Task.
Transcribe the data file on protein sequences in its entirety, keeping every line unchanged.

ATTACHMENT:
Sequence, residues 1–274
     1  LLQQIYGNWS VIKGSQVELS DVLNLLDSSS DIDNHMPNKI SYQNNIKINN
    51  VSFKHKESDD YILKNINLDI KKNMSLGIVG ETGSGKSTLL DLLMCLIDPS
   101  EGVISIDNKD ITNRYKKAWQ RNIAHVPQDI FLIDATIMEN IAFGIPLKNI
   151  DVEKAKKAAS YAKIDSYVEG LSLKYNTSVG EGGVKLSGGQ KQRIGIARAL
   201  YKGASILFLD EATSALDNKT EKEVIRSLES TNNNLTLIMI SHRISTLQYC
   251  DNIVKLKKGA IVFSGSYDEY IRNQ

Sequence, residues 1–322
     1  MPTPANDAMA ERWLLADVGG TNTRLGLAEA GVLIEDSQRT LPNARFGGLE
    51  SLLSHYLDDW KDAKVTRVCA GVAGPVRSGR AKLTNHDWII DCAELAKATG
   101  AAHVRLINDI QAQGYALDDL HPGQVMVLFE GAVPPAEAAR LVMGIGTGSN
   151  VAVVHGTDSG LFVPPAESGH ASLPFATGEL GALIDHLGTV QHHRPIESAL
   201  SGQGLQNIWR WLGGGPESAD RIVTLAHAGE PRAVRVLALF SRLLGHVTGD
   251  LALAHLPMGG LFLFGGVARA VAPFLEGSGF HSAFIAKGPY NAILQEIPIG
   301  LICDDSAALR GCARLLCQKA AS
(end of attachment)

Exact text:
Sequence, residues 1–274
     1  LLQQIYGNWS VIKGSQVELS DVLNLLDSSS DIDNHMPNKI SYQNNIKINN
    51  VSFKHKESDD YILKNINLDI KKNMSLGIVG ETGSGKSTLL DLLMCLIDPS
   101  EGVISIDNKD ITNRYKKAWQ RNIAHVPQDI FLIDATIMEN IAFGIPLKNI
   151  DVEKAKKAAS YAKIDSYVEG LSLKYNTSVG EGGVKLSGGQ KQRIGIARAL
   201  YKGASILFLD EATSALDNKT EKEVIRSLES TNNNLTLIMI SHRISTLQYC
   251  DNIVKLKKGA IVFSGSYDEY IRNQ

Sequence, residues 1–322
     1  MPTPANDAMA ERWLLADVGG TNTRLGLAEA GVLIEDSQRT LPNARFGGLE
    51  SLLSHYLDDW KDAKVTRVCA GVAGPVRSGR AKLTNHDWII DCAELAKATG
   101  AAHVRLINDI QAQGYALDDL HPGQVMVLFE GAVPPAEAAR LVMGIGTGSN
   151  VAVVHGTDSG LFVPPAESGH ASLPFATGEL GALIDHLGTV QHHRPIESAL
   201  SGQGLQNIWR WLGGGPESAD RIVTLAHAGE PRAVRVLALF SRLLGHVTGD
   251  LALAHLPMGG LFLFGGVARA VAPFLEGSGF HSAFIAKGPY NAILQEIPIG
   301  LICDDSAALR GCARLLCQKA AS